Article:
6. Nowadays, it feels like there’s a Starbucks on every street corner in America. But the company started out in 1971 with just one store in Seattle’s Pike Place Market. It remained a local establishment until the 1980s when it was purchased by Howard Shultz’s coffee company Il Giornale. It opened its first stores outside of Washington in 1987 in Chicago and Vancouver, Canada. Shultz remains CEO to this day.

Sali Sasaki, Flickr // CC BY-SA 2.0

7. Washington State has a long and rich musical history. Seattle is, of course, famous for launching the grunge movement and the careers of Nirvana, Pearl Jam, and Alice in Chains. But a wide range of musicians come from Washington, including guitar legend Jimi Hendrix, hip hop legend Sir Mix-a-Lot, and singer/actor Bing Crosby. 

8. Back in Washington’s Wild West days, Aberdeen was thought to be the state’s toughest town. It was often called “the roughest town West of the Mississippi,” and was known for its gambling and violence. Nowadays, it’s best known as the birthplace of Nirvana frontman Kurt Cobain. 

Brandy, Flickr // CC BY-ND 2.0

9. Now the biggest online retailer in America, was started by Jeff Bezos in a converted garage in Bellevue, just outside of Seattle, in 1994. Their move to Seattle proper marked the start of a golden era for startups in the Pacific Northwest (and in Seattle, specifically). Outside of Silicon Valley, Seattle has become one of the fastest growing tech job markets in America in recent years.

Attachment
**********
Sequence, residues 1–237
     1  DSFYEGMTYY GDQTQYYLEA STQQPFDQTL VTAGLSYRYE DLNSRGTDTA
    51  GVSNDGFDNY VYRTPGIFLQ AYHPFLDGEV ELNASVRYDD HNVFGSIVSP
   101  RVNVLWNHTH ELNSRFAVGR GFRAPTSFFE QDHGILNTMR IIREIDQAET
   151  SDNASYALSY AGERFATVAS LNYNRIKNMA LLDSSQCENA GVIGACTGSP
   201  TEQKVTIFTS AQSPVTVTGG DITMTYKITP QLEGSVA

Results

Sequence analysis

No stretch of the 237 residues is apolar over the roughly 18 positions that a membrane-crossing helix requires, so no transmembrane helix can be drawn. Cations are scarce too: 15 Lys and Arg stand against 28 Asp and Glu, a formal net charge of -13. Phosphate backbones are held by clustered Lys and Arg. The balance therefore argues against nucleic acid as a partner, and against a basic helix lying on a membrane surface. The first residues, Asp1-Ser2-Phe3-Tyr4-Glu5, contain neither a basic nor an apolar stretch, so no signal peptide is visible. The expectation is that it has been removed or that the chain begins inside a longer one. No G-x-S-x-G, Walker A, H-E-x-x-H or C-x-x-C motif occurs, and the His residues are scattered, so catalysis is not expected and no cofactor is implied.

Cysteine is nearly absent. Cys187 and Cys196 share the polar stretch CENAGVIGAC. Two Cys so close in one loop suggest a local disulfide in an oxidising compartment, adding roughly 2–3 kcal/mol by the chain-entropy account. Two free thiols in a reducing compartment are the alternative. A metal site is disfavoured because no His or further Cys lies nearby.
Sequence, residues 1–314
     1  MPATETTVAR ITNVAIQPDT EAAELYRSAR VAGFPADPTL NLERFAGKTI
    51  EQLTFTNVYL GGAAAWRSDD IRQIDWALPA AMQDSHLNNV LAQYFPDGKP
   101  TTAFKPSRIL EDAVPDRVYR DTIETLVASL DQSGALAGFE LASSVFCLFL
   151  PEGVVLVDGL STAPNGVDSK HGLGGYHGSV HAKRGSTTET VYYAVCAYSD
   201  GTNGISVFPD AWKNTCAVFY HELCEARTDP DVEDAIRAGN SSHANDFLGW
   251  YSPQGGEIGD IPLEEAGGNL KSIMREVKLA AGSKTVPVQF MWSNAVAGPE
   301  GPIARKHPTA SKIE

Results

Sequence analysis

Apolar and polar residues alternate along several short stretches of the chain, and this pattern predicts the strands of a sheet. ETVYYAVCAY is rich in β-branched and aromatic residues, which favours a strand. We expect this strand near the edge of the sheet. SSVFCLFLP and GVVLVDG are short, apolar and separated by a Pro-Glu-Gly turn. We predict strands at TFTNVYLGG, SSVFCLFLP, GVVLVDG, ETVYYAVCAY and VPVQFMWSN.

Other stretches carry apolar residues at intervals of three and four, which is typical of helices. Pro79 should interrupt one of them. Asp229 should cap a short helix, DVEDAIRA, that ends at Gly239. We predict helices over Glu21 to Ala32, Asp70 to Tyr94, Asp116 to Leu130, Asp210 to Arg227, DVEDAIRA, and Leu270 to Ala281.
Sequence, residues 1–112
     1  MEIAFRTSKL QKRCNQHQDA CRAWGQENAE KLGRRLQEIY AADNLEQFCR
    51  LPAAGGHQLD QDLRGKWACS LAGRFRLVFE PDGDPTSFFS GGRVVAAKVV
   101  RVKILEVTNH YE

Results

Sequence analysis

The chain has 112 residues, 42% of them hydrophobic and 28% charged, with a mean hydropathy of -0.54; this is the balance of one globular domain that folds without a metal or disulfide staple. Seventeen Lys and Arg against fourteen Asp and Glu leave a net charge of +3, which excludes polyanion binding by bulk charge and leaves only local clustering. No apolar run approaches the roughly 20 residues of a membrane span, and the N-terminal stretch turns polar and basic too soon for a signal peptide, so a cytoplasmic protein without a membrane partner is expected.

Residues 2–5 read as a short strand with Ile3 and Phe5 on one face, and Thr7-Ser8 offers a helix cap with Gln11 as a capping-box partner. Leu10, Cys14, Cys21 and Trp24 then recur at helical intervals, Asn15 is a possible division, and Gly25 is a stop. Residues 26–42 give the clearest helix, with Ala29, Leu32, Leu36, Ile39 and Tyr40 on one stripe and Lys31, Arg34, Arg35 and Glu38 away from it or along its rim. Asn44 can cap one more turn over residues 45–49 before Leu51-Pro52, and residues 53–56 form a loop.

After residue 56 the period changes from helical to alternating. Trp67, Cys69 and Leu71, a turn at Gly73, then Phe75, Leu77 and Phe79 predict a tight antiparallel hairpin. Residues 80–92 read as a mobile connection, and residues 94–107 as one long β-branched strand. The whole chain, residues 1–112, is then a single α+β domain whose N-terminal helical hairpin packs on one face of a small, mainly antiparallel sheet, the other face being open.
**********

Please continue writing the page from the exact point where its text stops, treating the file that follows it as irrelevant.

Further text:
10. Washington hosted the World’s Fair twice. In 1962, the Century 21 Expo (also known as the Seattle World’s Fair) was held in Seattle, where the Space Needle was built for the event. Then, in 1974, the first environmentally-themed world’s fair, Expo ’74, was held in Spokane. To this day, Spokane is the smallest city to host a World’s Fair. 

11. The skeletal remains of the Kennewick Man, one of the most complete ancient human skeletons every discovered, were found by two college students in Kennewick, Washington in 1996. Scientists believe the skeleton is around 9000 years old. 

12. Longview, Washington, is home to several bridges made specifically for squirrels. The first bridge, called Nutty Narrows, was constructed in 1963 by local builder Amos Peters to help squirrels cross a busy street. The bridge was so popular amongst squirrels, residents, and tourists, that four more have been constructed in different styles.